LAKECITYREPORTER CLASSIFIEDSUNDAY, JULY14, 2013 Classified Department: 755-5440 4C nrrr rrr nrrnnnnr22r2n0nrnrn.2rrnr6/r n,n2n-6nr232-nnrrn PRACTICE COORDINATOR r $n/-nn"&(*+%!50nr4nr Modern Healthcare 22'n2 -/r#nn*nn22 n,n2nr!1n&r70nr!0 rr"#r #"$r"! (!!()n2nn0 Missy Zecher Professionals, • (386)623-0237 Selling More Homes, Assisting and Educating More Buy ers! CERTIFIED DISTRESSED PROPERTY EXPERT COME JOIN THE FLYING FUN AT CANNON CREEK AIRPARK. WITH BOTH A PAVED AND GRASS RUNWAY YOU CAN ACTIVELY ENJOY YOUR AIRCRAFT ON THE RUNWAY SURFACE OF CHOICE. THIS BEAUTIFUL HOME LOCATED DIRECTLY ON THE PAVED RUNWAY PROVIDES YOU WITH A FRONT ROW SEAT AS WELL AS EASY ACCESS TO THE RUNWAY. THE HOME OF A BUILDER WITH ATTENTION PAID TO EVERY DETAIL AND UP-GRADES THROUGHOUT, MUST BE SEEN TO GET THE TRUE APPRECIATION OF THE QUALITY AND VALUE. THIS HOME FEATURES A 48X50 HANGAR, A SPLIT BEDROOM PLAN WITH TWO MASTER SUITES ALLOWING YOU AND YOUR GUESTS PRIVACY AND COMFORT. THIS HOME ALSO FEATURES HARDWOOD FLOORING AND UPGRADED CABINETS. MLS 84225 $399,900 805Lots forSale PUBLISHER'S NOTE All real estate advertising in this newspaper is subject to the fair housing act which makes it illegal to advertise "any preference, limitation, or discrimination based on race, color, religion, sex, disability, familial status or national origin; or any intention to make such preference, limitation or discrimination." Familial status includes children under the age of 18 living with parents or legal custodians, pregnant women and people securing custody of children under the age of 18. This newspaper will not knowingly accept any advertising for real estate which is in violation of the law. Our readers are hereby informed that all dwellings advertised in this newspaper are available on an equal opportunity basis. To complain of discrimination call HUD toll free at 1-800-669-9777, the toll free telephone number to the hearing impaired is 1-800-927-9275. 810Home forSale 3BR/2BAmfg home on 10 fenced ac w/pasture & woods $73,900 DANIELCRAPPS AGENCYINC 755-5110 #82485 Townhouse for sale by owner, 2bd/2ba, 1,018 sf, very nice, deed restrictions, $84K, 1029 SW Rossborough Ct 697-6606 820Farms & Acreage4 1/2 acre lot. Lake Jeffery Road. Gorgeous Oaks!Paved Rd Owner Financing! NO DOWN! $59,900. $525mo 352-215-1018. www Owner financed land 1/2 to 10 acre lots. Deas Bullard/BKLProperties 386-752-4339 830Commercial PropertyNew Warehouse/shop forLease. 5000sft freestanding Building Loading Dock, 2 O/H Doors 184 SWRing Ct. (386) 867-3534 951Recreational Vehicles2002 JAYCO Legacy 5th wheel 38’3 slides fully loaded, gas-gen, queen bed, sleeps 4, shower $16,500 386-344-3362 nr 5 a week days Lake City Reporter SOLD IT FAST IN THE CLASSIFIEDSSelling your stuff is simple with a little help from the Lake City Reporter Classifieds. Let our sales team help you place an ad today, in print and online! Call 386-755-5440 or go to PublishedMonthlybythe Lake City ReporterREPORTER Classifieds In Print and On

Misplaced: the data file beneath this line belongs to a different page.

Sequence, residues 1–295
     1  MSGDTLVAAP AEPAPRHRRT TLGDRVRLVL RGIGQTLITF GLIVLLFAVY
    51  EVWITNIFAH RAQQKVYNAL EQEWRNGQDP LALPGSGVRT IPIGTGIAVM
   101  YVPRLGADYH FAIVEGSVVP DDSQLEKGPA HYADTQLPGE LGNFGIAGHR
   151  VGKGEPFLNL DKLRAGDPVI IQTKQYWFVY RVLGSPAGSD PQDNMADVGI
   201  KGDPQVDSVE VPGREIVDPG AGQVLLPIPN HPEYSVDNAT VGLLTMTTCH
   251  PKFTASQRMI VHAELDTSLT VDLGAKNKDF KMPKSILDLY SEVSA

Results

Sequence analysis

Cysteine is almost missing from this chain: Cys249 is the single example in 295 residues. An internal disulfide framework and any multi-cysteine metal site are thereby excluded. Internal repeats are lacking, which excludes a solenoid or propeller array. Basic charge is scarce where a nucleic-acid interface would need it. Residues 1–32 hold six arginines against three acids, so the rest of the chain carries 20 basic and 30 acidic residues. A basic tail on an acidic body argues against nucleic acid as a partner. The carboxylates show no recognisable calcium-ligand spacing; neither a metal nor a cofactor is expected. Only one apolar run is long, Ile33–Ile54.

R ecently, I traveled to the country of Trinidad and Tobago to attend the Caribbean Food Crop Society Conference. The experience was a very enlightening cultural and educational exchange opportunity. Two islands make up this small Caribbean country, which is often referred to as T&T. Located just a few miles off the coast of Venezuela, T&T exports gas and oil and is a prosperous country. Although the financial and gov-ernmental differences between Florida and T&T are many, the similarities in agricultural strug-gles of the two is striking. The theme of the conference this year was “Agribusiness Essential for Food Security: Empowering Youth and Enhancing Quality Products.” Caribbean countries face the challenges that come with importing large quantities of food. Hurricanes and other catastrophic events can leave an island country isolated and unable to obtain the imported food that people rely on. Food security is a very important issue. Our concerns about food security are similar, but the situation is not as life-threatening because we are not isolated. Both locales, however, face the consequences of declining interest in agricultural professions and the aging population of current farmers. We are each finding that our young people don’t know where food originates, and they have little knowledge about nutrition. In Florida, it is important that we continue to cultivate a passion for growing and consuming our own local produce. Locally grown food is the freshest and most nutritious, and we can feel more secure in knowing where and how it is grown. Fresh food production in a small island country provides food security and sustainability that will keep it less dependent on other outside supplies. We also share the need to develop agricultural programs in which young people want to be involved. How else will agricultural profes-sions in research, teaching, exten-sion and production ever be filled in the future? Compared to former generations, it is safe to say that the young generation is “techy.” Programs that enable students to apply their technical knowledge to agriculture and food production are needed for the future of agri-culture in Florida and in T&T. Trinidad and Tobago also fights the constant battle of inva-sive pests, including the giant African snail and the aggres-sive lionfish, both of which have invaded Florida. Although we all are experiencing climate change, the islanders have accepted the fact and are making plans and modifications to cope. People and countries that face such similar problems have so much to share in solving those problems. LIFE Sunday, July 14, 2013 Section D D uring our Mediterranean cruise, we had the opportu-nity to visit wineries in both Italy and Spain. At the base of Mt. Vesuvius in Italy, in a town called Trecase and in the heart of the Vesuvius National Park, lies Cantina del Vesuvio. It is a fam-ily-owned restaurant and winery that has been in business since 1948. This winery produces “Lacryma Christi” (Tears of Christ) wines. Upon our arrival, they gave us a short tour through the vineyards. As many wineries as I’ve been to, I learned some-thing new — a couple of things, actually. First, you often see roses among and near the grape vines. These are planted close by because the insects are more attracted to the flow-ers and, thus, leave the grapes alone. Then, the difference between the red grapes and white grapes by the types of vines: White grapes are usually grown higher off the ground, like on a pergola, and the red grapes are grown on a stalk closer to the ground. There was a separate building — or more accu-rately, a veranda — for tastings. where we were all seated at a nicely set table. Then the pouring began. The wine boss was quick with the pours, and I actually had to drink fast to catch up. We tasted four different wines: a white, a red, an apricot liquor and a spumante. In fact, when Sue Towns heard the cork on the champagne pop, she looked in that direction and said “Hello, friend.” It was a very funny moment. I don’t think we had any wines or varietals that we didn’t like. They also served us fresh-cut toma-toes, bruschetta, cheese and salami. Everything was very good. I loved their pottery, too. The plates and the pitchers I liked so much that I asked if they were for sale. Unfortunately, they were not. In Spain, on the island of Mallorca, we drove about an hour from Palma to the southwest coast to Andratx. The winery there is on the side of a mountain. The drive up required much skill, which fortunately our bus driver had. The views of the valley were gorgeous, and we made it just as it started to sprinkle a bit. It was called Santa Catarina. I learned something else new at this winery: The older the vines, the better quality the grapes. But also they can be less produc-tive. Eventually, they will have to be replanted. Here, some of the vines were about 30 years old, and they would plan to replant Visitingwineries of Italy, Spain Story ideas?ContactRobert Lake City Reporter1DLIFEBy AMANDA WILLIAMSONawilliamson@lakecityreporter.comI magine: Walking across a brick walkway, names stretched out on the ground before you and each one a memory from a time long gone, an era connected by a demol-ished school building that stood as a cultural icon in the community. Richardson High School existed in Lake City from about 1900 until 1975, first as Richardson Academy and later as a school housing primary through 12th-grade stu-dents, said Stanley Lofton, an RHS graduate. “Really, you have to go quite a ways back to look at the seeds of educating black children in the South,” he said. “Richardson High School was a center of cultural change. ... The parents would quickly understand that there was a direct link between education and upward mobility. Some of the parents came from miserable times, and the possibility of educa-tion — that was some-thing to be proud of.” About three years ago, volunteers from the RHS class of 1971 came up with an idea to create the “Richardson Walk,” a memorial to com-memorate students and staff from Richardson High School. According to Mario Coppock, Richardson monument project director, construc-tion on the memorial stopped due to permitting and location issues. Now, the committee needs to raise $10,500 to continue work on the project. Approximately $3,500 has been raised already from contributions by the Richardson Community Center/Annie Mattox Monument resurrected JASON MATTHEW WALKER/ Lake City ReporterColumbia County Commissioner Ron Williams (in white h at) and mason Willie Dixon set a row of bricks on Wedn esday and try to visualize the pattern of a walkway to be built a s part of the Richardson High School monument being ere cted near the Richardson Community Center. Watching are (from left) Adee Farmer, Chavella Young, Lynda Caldwell-Elliott and Nicole Smith. About $10,500 is still needed to complete the brick monument. Alumni working to finish project for alma mater. By BRETT ZONGKERAssociated PressWASHINGTON — While the Washington Monument is closed for earthquake damage repairs over the next year, 488 lamps will restore the marble tower’s glow each night on the National Mall. The National Park Service lit up the monu-ment for the first time last Monday evening — and will continue to do so each night at dusk. A crowd gathered on the Mall and at the Lincoln Memorial as the park service turned on the lights of a decorative design in sections, starting at the bottom. It took a few minutes for the lights to reach their full glow. National Park Service Director Jonathan Jarvis and philanthropist David Rubenstein, who donated $7.5 million to fund half the cost of repairs, took part in the first lighting. A blue, semi-transparent fabric has been wrapped around the scaffolding that surrounds the monument as it undergoes extensive repairs of its 2011 earth-quake damage. Architect Michael Graves was commissioned to design a scrim to decorate the monument between 1998 and 2000, when it was last restored. His same design was used this time to exaggerate the scale of the monument’s stone pat-tern and the mortar that is being repaired. National Mall Superintendent Bob Vogel told The Associated Press that the lighting marks a milestone in the years-long effort to restore and reopen the monument to President George Washington. “We know that our visitors are disappointed that they can’t actually go up in the monument,” he said. GARDEN TALK Nichelle Q D. Nichelle Demorest is a horticulture agent with the Columbia County Extension of the University of Florida Institute of Food and Agricultural Sciences. Washington Monument glows again TRAVEL TALES Sandy KishtonAn enlightening visit to Trinidad and TobagoASSOCIATED PRESSThe president’s Marine One helicopter files past the Wash ington Monument on the way to the White House in Washington, D.C. While the monument’s ea rthquake damage is being repaired over the next year, 488 lamps will restore the tower’s glow each night. BRICKS continued on 3D MONUMENT continued on 2D TRAVEL continued on 3D Richardson High School New light system will restore some of structure’s allure.